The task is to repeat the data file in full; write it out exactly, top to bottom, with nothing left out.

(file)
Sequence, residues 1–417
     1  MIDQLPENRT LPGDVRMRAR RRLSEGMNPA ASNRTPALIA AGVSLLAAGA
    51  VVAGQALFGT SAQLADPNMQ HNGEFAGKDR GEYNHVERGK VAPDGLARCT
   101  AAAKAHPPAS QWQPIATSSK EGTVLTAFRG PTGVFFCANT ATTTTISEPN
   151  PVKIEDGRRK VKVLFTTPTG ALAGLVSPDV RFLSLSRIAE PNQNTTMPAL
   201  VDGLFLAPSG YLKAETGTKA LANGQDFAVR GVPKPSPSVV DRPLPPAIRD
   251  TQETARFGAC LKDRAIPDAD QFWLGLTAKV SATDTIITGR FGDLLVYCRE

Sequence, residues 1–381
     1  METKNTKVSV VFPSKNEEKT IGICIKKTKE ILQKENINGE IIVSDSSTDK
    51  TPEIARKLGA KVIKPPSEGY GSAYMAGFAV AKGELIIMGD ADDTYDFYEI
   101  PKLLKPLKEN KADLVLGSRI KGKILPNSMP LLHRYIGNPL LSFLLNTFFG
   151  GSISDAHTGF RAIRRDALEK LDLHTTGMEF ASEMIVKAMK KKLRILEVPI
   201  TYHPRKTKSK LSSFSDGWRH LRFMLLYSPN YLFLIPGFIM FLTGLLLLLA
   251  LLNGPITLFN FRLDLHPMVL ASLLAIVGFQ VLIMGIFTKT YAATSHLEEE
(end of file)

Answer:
Sequence, residues 1–417
     1  MIDQLPENRT LPGDVRMRAR RRLSEGMNPA ASNRTPALIA AGVSLLAAGA
    51  VVAGQALFGT SAQLADPNMQ HNGEFAGKDR GEYNHVERGK VAPDGLARCT
   101  AAAKAHPPAS QWQPIATSSK EGTVLTAFRG PTGVFFCANT ATTTTISEPN
   151  PVKIEDGRRK VKVLFTTPTG ALAGLVSPDV RFLSLSRIAE PNQNTTMPAL
   201  VDGLFLAPSG YLKAETGTKA LANGQDFAVR GVPKPSPSVV DRPLPPAIRD
   251  TQETARFGAC LKDRAIPDAD QFWLGLTAKV SATDTIITGR FGDLLVYCRE

Sequence, residues 1–381
     1  METKNTKVSV VFPSKNEEKT IGICIKKTKE ILQKENINGE IIVSDSSTDK
    51  TPEIARKLGA KVIKPPSEGY GSAYMAGFAV AKGELIIMGD ADDTYDFYEI
   101  PKLLKPLKEN KADLVLGSRI KGKILPNSMP LLHRYIGNPL LSFLLNTFFG
   151  GSISDAHTGF RAIRRDALEK LDLHTTGMEF ASEMIVKAMK KKLRILEVPI
   201  TYHPRKTKSK LSSFSDGWRH LRFMLLYSPN YLFLIPGFIM FLTGLLLLLA
   251  LLNGPITLFN FRLDLHPMVL ASLLAIVGFQ VLIMGIFTKT YAATSHLEEE